Pristine Jag has curve appeal
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Immaculate 1966 Jaguar E-Type is impressing the judges
Meeting Roger Munns' 1966 Jaguar E-Type 4.2 fixed-head coupe was like meeting a VIP, and not just because a worldwide poll in 2015 voted the E-Type as the best British car ever.
Roger's example was then poised to enter the annual Ellerslie Concours d'Elegance Master Class -- which accepts just seven immaculately presented entries -- where it came third, in a contest where a misplaced stitch in the leather or the incorrect finish on a single undercarriage screw could mark a car down.
He's not mourning its relegation, for there's barely time to repolish those luscious curves before the car's second public outing this year, as a star at the launch of the first annual Auckland Classic Brit and Euro Car show. The free event takes place on March 6 at Lloyd Elsmore Park, Pakuranga, initiated by the Jaguar club and open to any Euro, in any condition -- though the emphasis is on classics.
I got a sneak peak at the venue, alongside Howick Historic Village, aboard Roger's Jag, nestled into the red leather, the silky paint and flashing chrome: you can't help but feel you should have dressed up for a car like this.
Roger has been mad about cars since childhood, and bought an old MG to rally and race after leaving school. But a rare opportunity to get behind the wheel of Ray Archibald's 1963 E-Type sparked a love affair, and he decided he would own one one day.
Roll on 2006, and though he already had a 1953 Jaguar XK120 fixed-head coupe, when the opportunity to buy this E-Type came up he commenced negotiations and bought it. After all it boasted the same colour scheme as the Archibald car, though this one had the 4.2-litre in-line six with 198kW and 385Nm, both peaking at 5400rpm, and capable of zero to 100km/h in seven seconds en route to a top speed of 246km/h.
Picture / Jacqui Madelin
The car was built in October 1966, one of 271 right-hand-drive 4.2-litre fixed-head coupes built that year, and sold on February 24, 1967, to a wealthy Christchurch family, before it slowly passed from hand to hand, ending up in Auckland. The previous owner had it for about 32 years and it was reasonably rough -- it had failed its WOF and the rego was on hold — but it was complete. "I thought I'd just tidy it up a bit and use it, but when I took it to the painter we realised we couldn't just touch it up, so we decided we might as well strip it ... " Given he'd already restored the XK, the next step was logical.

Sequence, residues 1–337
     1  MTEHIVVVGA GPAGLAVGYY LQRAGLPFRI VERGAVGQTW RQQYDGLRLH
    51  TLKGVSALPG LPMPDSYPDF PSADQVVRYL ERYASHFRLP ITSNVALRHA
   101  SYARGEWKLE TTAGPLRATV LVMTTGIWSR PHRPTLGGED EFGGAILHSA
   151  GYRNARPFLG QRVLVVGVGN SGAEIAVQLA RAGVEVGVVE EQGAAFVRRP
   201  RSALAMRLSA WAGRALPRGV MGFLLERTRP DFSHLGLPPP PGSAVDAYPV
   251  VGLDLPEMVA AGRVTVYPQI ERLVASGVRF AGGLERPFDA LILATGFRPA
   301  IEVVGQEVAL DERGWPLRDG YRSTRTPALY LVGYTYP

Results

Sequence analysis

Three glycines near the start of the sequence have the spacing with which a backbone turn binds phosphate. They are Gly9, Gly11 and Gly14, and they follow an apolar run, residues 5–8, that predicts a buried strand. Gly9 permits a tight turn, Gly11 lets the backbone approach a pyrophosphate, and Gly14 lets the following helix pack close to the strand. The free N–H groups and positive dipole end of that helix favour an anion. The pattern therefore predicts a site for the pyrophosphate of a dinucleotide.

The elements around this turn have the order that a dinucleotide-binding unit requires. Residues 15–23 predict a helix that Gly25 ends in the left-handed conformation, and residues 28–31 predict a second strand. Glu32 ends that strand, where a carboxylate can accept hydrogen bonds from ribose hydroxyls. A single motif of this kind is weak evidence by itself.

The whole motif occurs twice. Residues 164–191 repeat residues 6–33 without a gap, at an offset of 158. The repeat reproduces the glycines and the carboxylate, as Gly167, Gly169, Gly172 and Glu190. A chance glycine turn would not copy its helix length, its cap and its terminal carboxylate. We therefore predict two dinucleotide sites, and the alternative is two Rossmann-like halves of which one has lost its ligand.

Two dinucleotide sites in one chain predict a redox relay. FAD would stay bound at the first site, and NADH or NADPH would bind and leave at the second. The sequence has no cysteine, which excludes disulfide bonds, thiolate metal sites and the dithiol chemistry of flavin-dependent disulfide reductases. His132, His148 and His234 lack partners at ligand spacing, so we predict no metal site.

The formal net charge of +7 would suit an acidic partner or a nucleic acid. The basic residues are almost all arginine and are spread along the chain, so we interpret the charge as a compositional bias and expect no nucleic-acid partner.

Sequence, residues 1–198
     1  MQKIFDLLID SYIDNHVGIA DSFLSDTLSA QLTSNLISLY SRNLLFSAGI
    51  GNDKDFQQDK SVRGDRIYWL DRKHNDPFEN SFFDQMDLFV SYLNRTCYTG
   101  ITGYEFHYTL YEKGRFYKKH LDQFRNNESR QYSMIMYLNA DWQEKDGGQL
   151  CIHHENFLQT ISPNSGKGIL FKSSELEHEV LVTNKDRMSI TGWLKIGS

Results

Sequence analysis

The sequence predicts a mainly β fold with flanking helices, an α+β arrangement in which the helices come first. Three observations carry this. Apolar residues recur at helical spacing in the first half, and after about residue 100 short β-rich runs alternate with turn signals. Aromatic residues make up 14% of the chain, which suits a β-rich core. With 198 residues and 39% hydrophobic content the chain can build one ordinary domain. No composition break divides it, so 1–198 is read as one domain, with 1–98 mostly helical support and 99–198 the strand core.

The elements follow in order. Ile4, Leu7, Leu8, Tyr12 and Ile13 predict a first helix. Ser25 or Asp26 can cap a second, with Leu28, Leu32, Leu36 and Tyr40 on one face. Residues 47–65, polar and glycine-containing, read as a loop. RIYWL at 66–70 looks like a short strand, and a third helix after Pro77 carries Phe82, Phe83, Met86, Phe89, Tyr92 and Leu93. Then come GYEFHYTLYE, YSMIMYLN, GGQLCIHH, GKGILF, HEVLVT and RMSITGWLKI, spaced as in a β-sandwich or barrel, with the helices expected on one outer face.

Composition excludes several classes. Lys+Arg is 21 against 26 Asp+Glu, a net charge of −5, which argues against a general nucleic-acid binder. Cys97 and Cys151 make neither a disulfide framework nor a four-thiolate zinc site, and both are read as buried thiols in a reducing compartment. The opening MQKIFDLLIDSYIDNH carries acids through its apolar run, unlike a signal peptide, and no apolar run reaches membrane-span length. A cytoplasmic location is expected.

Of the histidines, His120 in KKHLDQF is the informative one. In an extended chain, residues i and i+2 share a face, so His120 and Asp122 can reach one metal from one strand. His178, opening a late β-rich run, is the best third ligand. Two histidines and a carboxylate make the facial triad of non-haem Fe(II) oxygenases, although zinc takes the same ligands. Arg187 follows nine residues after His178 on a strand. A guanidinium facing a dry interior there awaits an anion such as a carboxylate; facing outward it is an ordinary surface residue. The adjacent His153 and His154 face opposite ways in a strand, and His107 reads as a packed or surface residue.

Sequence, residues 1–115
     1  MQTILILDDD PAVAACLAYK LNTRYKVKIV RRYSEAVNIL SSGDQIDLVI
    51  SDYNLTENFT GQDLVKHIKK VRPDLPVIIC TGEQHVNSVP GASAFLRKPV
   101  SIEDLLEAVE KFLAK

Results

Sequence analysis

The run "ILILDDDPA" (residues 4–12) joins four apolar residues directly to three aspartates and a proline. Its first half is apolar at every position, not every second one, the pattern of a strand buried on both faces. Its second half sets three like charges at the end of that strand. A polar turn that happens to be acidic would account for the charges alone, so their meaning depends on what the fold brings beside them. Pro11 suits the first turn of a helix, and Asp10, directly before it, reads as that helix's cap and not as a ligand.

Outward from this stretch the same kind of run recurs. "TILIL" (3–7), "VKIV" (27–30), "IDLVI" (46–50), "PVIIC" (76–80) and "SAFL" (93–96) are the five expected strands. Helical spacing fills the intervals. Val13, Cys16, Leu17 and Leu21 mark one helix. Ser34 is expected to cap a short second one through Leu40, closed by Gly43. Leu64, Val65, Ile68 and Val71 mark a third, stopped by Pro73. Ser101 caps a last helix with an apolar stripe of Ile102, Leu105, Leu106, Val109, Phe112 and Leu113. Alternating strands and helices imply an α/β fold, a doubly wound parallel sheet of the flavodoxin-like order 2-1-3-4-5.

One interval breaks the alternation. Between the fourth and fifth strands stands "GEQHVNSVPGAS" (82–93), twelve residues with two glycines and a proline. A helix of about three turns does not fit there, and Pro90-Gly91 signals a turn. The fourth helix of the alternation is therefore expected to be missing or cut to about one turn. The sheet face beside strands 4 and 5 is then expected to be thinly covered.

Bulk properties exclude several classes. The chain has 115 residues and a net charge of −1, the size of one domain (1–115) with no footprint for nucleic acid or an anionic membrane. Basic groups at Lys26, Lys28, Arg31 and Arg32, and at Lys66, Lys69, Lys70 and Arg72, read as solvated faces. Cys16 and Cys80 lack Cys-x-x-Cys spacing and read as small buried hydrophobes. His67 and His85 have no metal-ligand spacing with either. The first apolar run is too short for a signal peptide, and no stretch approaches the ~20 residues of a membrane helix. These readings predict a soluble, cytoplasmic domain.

"I do as much as I can myself, but I don't have the engine tools so things like motors and transmissions go to the experts." Roger was concerned about oil pressure and a small knock, so he had the motor rebuilt. The four-speed manual gearbox was fine, as was the diff, but the suspension got new shocks, correct for the period.
"Some body work was needed -- there was some rust in the doors and the rear end, and the brakes only needed new pads."
Roger likes originality, so the bolts are all the original and the steering wheel is the original, "The wood was split, and I spent hours and hours putting it back together." Only the wheels have changed -- the original competition wire wheels remained on the car until three years before Roger bought it, when someone convinced the owner to swap for ordinary wire wheels, with two lacings not three. He'd like to find the competition wheels.
Picture / Jacqui Madelin
Impressively, though the car was professionally painted and upholstered, Roger did the rest: that the car looks this good is a testament to his skill.
Roger's not likely to get bored now his E-Type is finished. Apart from driving it, he races historic cars -- a 1966 Brabham single-seater, a 1961 Lotus 20 single-seater, and a 1954 Buckler. And there's a 1960 Alfa Romeo Giulietta hoisted into the garage roof to await restoration, "I really enjoy it, though I'm a salesman by trade, not a mechanic."
What now for the Jag? "I'd like to keep the kilometres down, but I want to use the car. I'll drive it as a club car, like the XK. We've been to Rotorua and Whangarei in it, and ultimately I wouldn't hesitate to take it to the South Island."
Roger does love driving these classics, their patina, even the fact that both Jags are somewhat tail-heavy: "I find modern cars reasonably boring."
The Auckland Classic Brit and Euro Car show certainly won't be boring. By mid January nearly 500 cars had already entered, but we'd like to bet Roger's E-Type will still stand out.
Pictures / Jacqui Madelin